Reviewed byangeleno34Vote: 9/10/10
What is it like to be a little girl, flown out of China with some senseof past home, place and life, then adopted and raised as an American ina secure home with love and good parenting? This skillfully-madedocumentary puts you in the shoes--no, the skins--of four young womenwho, in the words of one, are like bananas, yellow outside and whiteinside. They are all bright, well-educated, hard-working, and grounded,but something is still missing in their lives.
Just what should China mean to them? Is it the tiny but tantalizingpossibility of finding a birth parent, with the surprises that mightbring--a story that has been told many times? Is it the sense of aplace where they visibly fit in? Is it the need to share their feelingswith other kids like themselves? And what of the lingering feelingthat, before they were adopted, they were rejected? You will experienceall these things alongside these young women, as they travel to Europeand China, grow, and open up like flowers. Is it enough to feelChinese, or must she feel like a Dai (minority) person because shelooks like one? Where does that lead her? What does it feel like to bein the stark orphanage that she dimly recalls? And what does she feelwhen she sees a bright little girl like she was, but trapped in a boxin that orphanage because of a disability that could be treated?
I agree with Los Angeles Times reviewer Kenneth Turan, whoseprofessional review I commend to you, that only a stone would not bemoved by this film.
Reviewed byTiladeVote: 8/10/10
I remember putting "Somewhere Between" (2011) on my IMDb watchlist assoon as I found it in the trailer gallery, but for some reasons Ididn't watch it until now. Now, more than an hour after the film'sfinished, I struggle to arrange my thoughts and I guess it has to dowith the fact that I'm also adopted from China (to Swedish adoptiveparents). The unsatisfying knowledge of never being able to get to knowmy biological parents has stuck with me for years but has almostdissolved. Watching Haley meet her biological parents was fascinating,and as Ann I felt a sting of envy. I guess what I want to say is thatI'm very happy to have watched "Somewhere Between" and it left mehopeful for the future. This is an important documentary everyoneshould see, adopted or not, as it deals with coming to terms with one'sidentity!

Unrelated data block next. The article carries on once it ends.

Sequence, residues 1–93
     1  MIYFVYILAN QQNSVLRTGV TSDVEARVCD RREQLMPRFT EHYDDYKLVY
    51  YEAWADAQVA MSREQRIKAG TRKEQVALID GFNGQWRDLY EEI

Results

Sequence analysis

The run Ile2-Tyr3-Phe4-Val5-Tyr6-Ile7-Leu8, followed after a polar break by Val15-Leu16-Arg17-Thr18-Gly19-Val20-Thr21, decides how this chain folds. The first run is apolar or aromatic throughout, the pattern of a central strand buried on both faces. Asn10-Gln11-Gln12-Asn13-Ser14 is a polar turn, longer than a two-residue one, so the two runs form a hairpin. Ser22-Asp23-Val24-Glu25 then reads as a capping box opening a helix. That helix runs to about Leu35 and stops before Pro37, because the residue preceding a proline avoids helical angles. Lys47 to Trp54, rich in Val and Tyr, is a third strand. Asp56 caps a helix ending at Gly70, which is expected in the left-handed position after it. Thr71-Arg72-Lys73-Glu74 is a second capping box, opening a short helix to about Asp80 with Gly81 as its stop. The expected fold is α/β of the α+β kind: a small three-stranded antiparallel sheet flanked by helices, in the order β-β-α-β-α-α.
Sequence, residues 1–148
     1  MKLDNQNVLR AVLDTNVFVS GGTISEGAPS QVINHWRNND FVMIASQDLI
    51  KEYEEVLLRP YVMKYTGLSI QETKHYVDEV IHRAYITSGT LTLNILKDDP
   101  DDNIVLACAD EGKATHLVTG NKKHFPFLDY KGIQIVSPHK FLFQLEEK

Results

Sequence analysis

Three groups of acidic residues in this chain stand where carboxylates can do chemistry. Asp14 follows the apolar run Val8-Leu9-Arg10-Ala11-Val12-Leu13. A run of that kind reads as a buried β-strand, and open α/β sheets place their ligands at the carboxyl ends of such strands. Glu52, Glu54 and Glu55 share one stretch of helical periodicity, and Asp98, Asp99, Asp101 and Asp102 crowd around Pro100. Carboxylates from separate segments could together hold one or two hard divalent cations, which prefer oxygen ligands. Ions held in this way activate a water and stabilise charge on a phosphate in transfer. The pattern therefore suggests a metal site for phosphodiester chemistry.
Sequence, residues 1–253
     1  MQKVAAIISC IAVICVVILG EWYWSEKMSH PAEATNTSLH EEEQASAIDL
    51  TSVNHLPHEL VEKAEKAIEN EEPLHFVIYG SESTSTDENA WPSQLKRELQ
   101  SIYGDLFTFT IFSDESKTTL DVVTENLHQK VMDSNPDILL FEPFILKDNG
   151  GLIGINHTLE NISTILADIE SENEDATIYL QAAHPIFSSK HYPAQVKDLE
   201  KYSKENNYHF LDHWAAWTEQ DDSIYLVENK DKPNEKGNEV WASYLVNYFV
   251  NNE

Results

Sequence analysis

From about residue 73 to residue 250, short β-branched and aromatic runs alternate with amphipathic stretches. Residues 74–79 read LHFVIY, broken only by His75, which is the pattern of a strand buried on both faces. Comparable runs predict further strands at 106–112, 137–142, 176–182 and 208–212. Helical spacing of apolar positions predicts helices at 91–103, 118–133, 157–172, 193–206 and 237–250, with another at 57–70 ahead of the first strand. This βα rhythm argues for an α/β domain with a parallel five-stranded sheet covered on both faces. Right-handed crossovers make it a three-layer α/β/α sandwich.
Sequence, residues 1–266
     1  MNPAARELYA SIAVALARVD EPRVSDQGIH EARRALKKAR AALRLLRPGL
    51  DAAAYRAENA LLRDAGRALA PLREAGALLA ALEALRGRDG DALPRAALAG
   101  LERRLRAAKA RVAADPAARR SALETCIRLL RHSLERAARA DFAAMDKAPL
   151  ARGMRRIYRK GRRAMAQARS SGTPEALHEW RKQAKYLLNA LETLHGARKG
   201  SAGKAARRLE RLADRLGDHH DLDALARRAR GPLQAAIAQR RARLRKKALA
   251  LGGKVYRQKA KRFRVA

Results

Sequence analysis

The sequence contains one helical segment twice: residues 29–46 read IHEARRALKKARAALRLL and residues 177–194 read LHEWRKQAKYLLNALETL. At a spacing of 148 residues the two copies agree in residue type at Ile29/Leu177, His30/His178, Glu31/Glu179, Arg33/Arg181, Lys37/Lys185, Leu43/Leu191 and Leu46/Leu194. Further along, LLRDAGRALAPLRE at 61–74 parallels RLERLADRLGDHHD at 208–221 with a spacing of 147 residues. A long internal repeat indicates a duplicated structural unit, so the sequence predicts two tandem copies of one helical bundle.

Reviewed bychnfilmVote: 8/10/10
There are plenty of tears shed on the screen and even more by the movietheater audience,myself included.The movie does a beautiful jobportraying the lives of the Chinese adoptees and the many challengesthey face.One thing that I took away from Somewhere Between is the needthe children shared in knowing about their heritage.For some it is adesire to perhaps visit the orphanage or village they came from or forothers it may be too track down their birth parents.The movie is anabsolute delight and will appeal to a wide range of movie-goers,butwill especially touch those in the adoption community who can relatefirst hand about the heartfelt journey of adoption.
SOMEWHERE BETWEEN tells the intimate stories of four teenaged girls. They live in different parts of the US, in different kinds of families and are united by one thing: all four were adopted from China because all four had birth parents who could not keep them, due to personal circumstances colliding with China's "One Child Policy". These strong young women allow us to grasp what it is like to come-of-age in today's America as trans-racial adoptees. At the same time, we see them as typical American teenagers doing what teenagers everywhere do...struggling to make sense of their lives. Through these young women, and their explorations of who they are, we ourselves pause to consider who we are - both as individuals and as a nation of immigrants. Identity, racism, and gender...these far-reaching issues are explored in the documentary. And with great honesty and courage, these four girls open their hearts to experience love, compassion, and self-acceptance.